In this talk filmed by Dezeen at V&A Dundee for The Dalmore, Japanese architect Kengo Kuma explains how creating a whisky with the Scottish distillery led him to find an affinity between architecture and whisky.
During the talk, which was moderated by Yoko Choy, China editor for Wallpaper*, Kuma described the similarities between the two professions.
"Whisky is very much related with nature itself," said the architect. "I believe architecture is the same. And through this collaboration, I learned many things about whisky. It's a very exciting process."
Kuma appeared on the panel alongside architect Maurizio Mucciola, with whom he designed V&A Dundee, and whisky makers Richard Paterson and Gregg Glass.
The event marked the launch of a partnership between V&A Dundee and The Dalmore called The Luminary Series, which pairs notable architects with whisky makers to produce limited editions housed in specially designed bottles. Kuma and Mucciola are the first participants in the series.
Kuma worked with Paterson to develop a rare edition of The Dalmore's 48-year-old single malt whisky limited to a run of only three bottles, each housed in a unique wood and steel sculpture designed by the Japanese architect.
One bottle is currently up for auction at Sotheby's, while the other two have gone to the V&A Dundee's collection and The Dalmore's archives.
Mucciola and Glass teamed up to create a more accessible collectible edition of The Dalmore's 15-year-old single malt, of which 15,000 are available.
During the talk, the panel discussed how the practices of architecture and whisky distilling complement one another, as well as the importance of cross-cultural collaborations.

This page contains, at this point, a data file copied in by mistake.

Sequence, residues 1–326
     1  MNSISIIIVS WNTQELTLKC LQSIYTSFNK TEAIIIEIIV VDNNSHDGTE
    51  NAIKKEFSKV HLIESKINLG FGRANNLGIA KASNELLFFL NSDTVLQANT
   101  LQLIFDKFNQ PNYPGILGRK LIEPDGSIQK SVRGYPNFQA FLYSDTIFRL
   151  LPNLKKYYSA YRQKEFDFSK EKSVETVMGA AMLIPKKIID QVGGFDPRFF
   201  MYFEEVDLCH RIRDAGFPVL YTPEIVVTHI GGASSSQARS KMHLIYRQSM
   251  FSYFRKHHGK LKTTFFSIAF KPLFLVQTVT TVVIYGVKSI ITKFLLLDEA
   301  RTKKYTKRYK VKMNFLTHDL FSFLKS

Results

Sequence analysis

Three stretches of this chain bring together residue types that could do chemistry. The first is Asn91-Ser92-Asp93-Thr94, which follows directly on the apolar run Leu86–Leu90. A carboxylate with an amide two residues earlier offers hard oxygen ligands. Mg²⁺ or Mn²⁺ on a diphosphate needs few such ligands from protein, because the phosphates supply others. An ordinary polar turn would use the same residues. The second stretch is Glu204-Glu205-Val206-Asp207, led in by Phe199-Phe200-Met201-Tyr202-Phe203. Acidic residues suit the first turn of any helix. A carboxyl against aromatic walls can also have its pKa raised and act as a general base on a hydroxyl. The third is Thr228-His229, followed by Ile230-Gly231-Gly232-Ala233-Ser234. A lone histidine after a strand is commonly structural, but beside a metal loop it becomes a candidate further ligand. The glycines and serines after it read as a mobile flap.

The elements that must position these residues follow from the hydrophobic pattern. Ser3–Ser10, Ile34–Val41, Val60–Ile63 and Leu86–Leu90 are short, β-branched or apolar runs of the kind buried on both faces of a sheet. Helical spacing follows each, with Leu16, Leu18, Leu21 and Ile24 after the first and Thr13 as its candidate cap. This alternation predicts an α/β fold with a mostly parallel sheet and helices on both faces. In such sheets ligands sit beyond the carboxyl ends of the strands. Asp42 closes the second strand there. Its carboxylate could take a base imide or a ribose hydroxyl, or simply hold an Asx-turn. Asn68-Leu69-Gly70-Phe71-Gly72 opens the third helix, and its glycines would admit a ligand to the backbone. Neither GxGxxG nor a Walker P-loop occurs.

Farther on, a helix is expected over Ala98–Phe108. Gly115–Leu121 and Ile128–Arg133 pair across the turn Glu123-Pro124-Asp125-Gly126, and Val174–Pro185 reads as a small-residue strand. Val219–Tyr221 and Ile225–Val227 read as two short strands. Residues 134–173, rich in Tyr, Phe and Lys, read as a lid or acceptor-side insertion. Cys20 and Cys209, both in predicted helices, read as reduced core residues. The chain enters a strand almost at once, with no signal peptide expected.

Paterson highlighted the significance of wood in both professions, emphasising its centrality to whisky production.
"When we talk about wood in the whisky industry, it accounts for something like 80 per cent of what is going to give you the style, the consistency, but more importantly, that extra level of luxury," he said.
The barrels used to create the two whiskies combined both Japanese and Scottish oak to create a flavour that represented the cultural backgrounds of the collaborators.
"Wood is also obviously very important for whisky making, the wood and the composition of the casks," he continued. "It's what makes the the taste of the whisky, makes it special. So we wanted to create something very special, which reflects this philosophy."
"Through the experience of designing V&A Dundee I learned the importance of exchange," said Kuma.
"Some exchange between different cultures gives me inspiration for the next project," he continued. "It's a kind of exchange – it's a collaboration with The Dalmore, but it's an exchange."
Kuma cited Scottish architect Charles Rennie Mackintosh, whose Japanese-influenced oak tea room has been reconstructed within V&A Dundee.
"Scotland and Japan have a history of exchange," he said. "Charles Rennie Mackintosh is a good example of this exchange. He didn't go to Japan, but he learned many things from Japan."
Mucciola went on to describe how cross-cultural experiences can enrich a designer's practice.
"[Exchange] makes us richer and makes our way of thinking, our approach to design and in general to life, much more complex and fascinating and interesting and opens our view to the sort of unexpected solutions which we can try to translate into our designs," he said.
The Dalmore is a Scottish whiskey distillery based in Alness. It was established in 1839.
V&A Dundee, Scotland's first dedicated design museum, opened on the waterfront of the River Tay in 2018. Dezeen filmed an exclusive video interview with Kuma to mark its opening. The museum has hosted a number of exhibitions and installations, including a colourful maze designed by Yinka Ilori.
This talk was filmed by Dezeen for The Dalmore as part of a partnership. Find out more about Dezeen's partnership content here.